Slovenia 1935: the bearded stranger's grandfather

The bearded stranger had a grandfather (well, two in fact but we’ll focus on the one who travelled more). The grandfather travelled very widely, and wrote lots of books on his travels between the 1930s and 60s. There are many jewels in the books, and a few stories which fit the criteria for the bearded stranger’s stories. Here’s the first – and thankfully he didn’t also have a beard so he is just ‘the stranger’.

The stranger looked a little chastened as he left the bar: perhaps the guilt of having had a man fired from his job?

The evening had started as usual: I chose a man and sat at his table. Ivan was on the stage playing guitar, supporting the balalaika and the singer.  I liked being in the bar in the evenings. Kranj, in those days, was hard-working and hard-living. The employees of the wood, leather and rubber factories needed to relax in the evenings.

I was happily married to Ivan so I didn’t want to sit at the bar, drink and be taken for a loose woman. No, I always chose to sit at a table with someone - and this evening it was a stranger, on his own, speaking English. He was passing through, riding a bike to Albania! We spoke, in French and some broken German, about gypsy music and other things. He said he certainly hadn’t been expecting a Russian culture here in remote Slovenia and I explained that many Russian soldiers were trapped in Yugoslavia after fighting for the Serbians during the War and had been granted pensions by the new government to stay. Then suddenly Ivan was there. The band hadn’t stopped but he was at my table:  he grabbed the stranger round the throat, shouted in Russian – and hit him with a chair.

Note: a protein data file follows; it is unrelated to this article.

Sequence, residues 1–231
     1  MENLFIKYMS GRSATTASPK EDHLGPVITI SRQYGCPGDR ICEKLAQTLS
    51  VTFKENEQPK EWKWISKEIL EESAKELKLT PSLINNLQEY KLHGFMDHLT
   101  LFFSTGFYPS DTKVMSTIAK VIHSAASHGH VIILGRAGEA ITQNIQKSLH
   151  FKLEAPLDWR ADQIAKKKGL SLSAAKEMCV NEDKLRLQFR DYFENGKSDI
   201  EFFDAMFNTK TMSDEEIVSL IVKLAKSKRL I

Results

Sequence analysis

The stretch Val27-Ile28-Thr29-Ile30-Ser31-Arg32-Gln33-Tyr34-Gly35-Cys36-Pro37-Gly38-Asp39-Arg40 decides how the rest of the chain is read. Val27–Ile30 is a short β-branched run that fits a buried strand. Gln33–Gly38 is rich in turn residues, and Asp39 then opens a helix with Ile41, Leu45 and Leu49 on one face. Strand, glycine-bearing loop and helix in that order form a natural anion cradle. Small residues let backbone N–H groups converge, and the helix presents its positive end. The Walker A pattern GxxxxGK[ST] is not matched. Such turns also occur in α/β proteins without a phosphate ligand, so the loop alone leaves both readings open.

In an instant Ivan was on the floor in the sawdust, shaking his head after a mighty punch from the stranger. The bar’s owner came up, heard from Ivan that the stranger had been flirting with me (hah! Rubbish!). The owner apologised to the stranger and publicly sacked Ivan: ‘I’ve warned you often enough. You go tomorrow! Understand?’

What the stranger didn’t realise as he left the bar was that this happened very regularly. The next evening while the stranger was no doubt parking his bike in some other inn, Ivan was back on stage and trying not to be jealous if he saw me talking to another man.